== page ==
It has been 40 years since the last sermon my father gave at the National Cathedral in Washington, when he called upon our nation's leaders to eradicate poverty once and for all, explaining that, "There is nothing new about poverty. What is new is that we now have the techniques and the resources to get rid of poverty. The real question is whether we have the will."
Today, as our nation continues to be plagued by a poverty that is inexcusable when coupled with record riches amassed by the wealthy, the challenge that consumed my father toward the end of his life has remained comfortably entrenched within the realm of rhetoric and not action.
I therefore call upon all our presidential candidates to take a vow that, within the first 100 days in office as commander in chief, he or she will appoint a cabinet-level officer whose responsibility will be to make a measurable impact on eradicating poverty and allow more Americans to move up into our middle class.
A poverty cabinet member is necessary today more than ever. Our next president will be taking over a government that faces virtually the exact same poverty rate my father found so appalling back in 1968. The U.S. Census Bureau reports the current poverty rate is just over 12 percent, as it was in 1968, while the number of people living in poverty has grown from 25 million to more than 36 million, including 12 million children. Even worse, a family of four with two children and an annual income of $21,027 is not even considered poor by our government's reporting standards. Many people have become immune to these statistics, but we cannot wait for another Katrina to truly grasp that America is awash in poverty.
The work of the cabinet officer must transcend the ceremonial. His or her principal focus must be highlighting successful programs working at the local level, developing new, more accurate measurements for poverty, and setting benchmarks for success by which the administration will be judged.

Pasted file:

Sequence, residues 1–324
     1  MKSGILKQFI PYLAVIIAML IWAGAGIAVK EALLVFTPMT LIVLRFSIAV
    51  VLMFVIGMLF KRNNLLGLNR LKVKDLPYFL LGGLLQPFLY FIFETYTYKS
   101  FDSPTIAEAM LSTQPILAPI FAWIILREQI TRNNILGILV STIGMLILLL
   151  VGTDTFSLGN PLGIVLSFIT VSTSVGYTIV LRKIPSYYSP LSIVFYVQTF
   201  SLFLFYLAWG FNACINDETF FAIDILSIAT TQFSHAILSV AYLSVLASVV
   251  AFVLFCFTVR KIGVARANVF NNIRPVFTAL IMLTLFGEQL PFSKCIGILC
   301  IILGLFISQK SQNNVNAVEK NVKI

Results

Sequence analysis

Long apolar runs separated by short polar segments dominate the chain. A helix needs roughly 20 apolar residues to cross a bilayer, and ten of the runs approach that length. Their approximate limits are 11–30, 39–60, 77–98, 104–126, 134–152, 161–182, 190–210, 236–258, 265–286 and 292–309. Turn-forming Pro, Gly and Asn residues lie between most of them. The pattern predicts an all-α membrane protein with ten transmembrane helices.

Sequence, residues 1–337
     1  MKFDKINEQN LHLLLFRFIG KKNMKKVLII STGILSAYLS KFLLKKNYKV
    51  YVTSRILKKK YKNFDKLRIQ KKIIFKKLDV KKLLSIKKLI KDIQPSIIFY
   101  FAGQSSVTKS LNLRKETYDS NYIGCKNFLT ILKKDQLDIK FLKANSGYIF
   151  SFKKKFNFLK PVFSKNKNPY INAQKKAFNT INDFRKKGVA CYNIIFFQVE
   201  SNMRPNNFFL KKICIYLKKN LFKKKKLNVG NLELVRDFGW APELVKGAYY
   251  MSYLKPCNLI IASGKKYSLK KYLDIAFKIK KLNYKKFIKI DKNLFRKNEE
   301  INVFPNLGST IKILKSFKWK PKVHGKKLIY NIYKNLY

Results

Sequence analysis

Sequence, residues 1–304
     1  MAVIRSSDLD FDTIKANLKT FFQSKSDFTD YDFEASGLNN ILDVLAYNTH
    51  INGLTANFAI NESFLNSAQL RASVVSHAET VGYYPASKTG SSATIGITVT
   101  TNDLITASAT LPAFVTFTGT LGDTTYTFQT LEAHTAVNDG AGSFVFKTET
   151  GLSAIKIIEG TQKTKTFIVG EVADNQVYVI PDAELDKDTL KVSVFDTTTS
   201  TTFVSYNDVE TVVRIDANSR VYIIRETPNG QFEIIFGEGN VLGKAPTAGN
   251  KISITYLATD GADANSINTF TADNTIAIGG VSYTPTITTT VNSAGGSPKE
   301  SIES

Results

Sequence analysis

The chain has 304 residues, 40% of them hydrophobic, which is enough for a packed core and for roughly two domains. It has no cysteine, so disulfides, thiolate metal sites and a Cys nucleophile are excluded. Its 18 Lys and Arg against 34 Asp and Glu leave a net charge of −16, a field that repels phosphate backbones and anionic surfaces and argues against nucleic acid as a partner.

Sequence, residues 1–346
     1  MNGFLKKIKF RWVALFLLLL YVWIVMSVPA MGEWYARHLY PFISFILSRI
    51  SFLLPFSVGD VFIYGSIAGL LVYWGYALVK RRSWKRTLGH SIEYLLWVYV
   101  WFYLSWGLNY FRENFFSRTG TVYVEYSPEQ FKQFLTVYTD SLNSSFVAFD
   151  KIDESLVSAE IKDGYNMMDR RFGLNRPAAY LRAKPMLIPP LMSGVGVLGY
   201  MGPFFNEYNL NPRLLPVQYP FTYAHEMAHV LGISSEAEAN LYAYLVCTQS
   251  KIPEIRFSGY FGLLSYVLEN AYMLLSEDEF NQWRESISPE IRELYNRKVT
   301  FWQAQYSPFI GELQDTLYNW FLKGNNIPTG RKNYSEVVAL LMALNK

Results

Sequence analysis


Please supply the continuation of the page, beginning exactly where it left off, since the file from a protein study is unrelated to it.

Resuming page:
We can look to the leadership of Mayor Michael Bloomberg for developing the Office of Financial Empowerment within the Department of Consumer Affairs of New York City, which utilizes strategic partnerships and innovation to educate, empower and protect low-income New Yorkers. Going far beyond New York's model, the national poverty office would investigate public policy that could boost income, increase savings, encourage asset building, protect consumers and work to bring about systemic change in the war on poverty. An emphasis would be placed on coordinating with the public, private and civic sectors to develop institution-based and action-oriented solutions while setting measurable benchmarks for success. This isn't just about speeches. Just as America created a middle class through deliberate action once before, we can take the steps to restore opportunity to all our citizens again.
Finally, the office would develop more accurate measurements for poverty that wouldn't overlook the family of four barely surviving on $21,000 a year. With real data, the office can generate meaningful reports on the causes and effects of poverty that will raise the profile of poverty as a national issue and highlight successful anti-poverty policies that can be promoted to Congress, the president and the public. In a nation heavily influenced by our market-based principles, we pay attention to what we can count. So it's time to start counting correctly.
My father spent his life in the trenches of a war that poses a true threat to our peace and security as a nation. He fought the war on poverty with the sanitation workers in Memphis, and he was moved to continue that fight as he witnessed barely clothed children in Marks, Miss., and a mother in Newark, N.J., raising her children in a rat-infested apartment.
Four decades have come and gone, but as I have traveled the country continuing the fight on poverty, I have seen firsthand that the poverty remains the same.
I urge our nation, our citizens, our businesses, our government and our presidential hopefuls to remember my father's caution in his final sermon: There is no such thing as a conscientious objector in the war on poverty.
Martin Luther King III is an international human rights activist and chairman and CEO of Realizing the Dream Inc.
Copyright© 2008 The Atlanta Journal-Constitution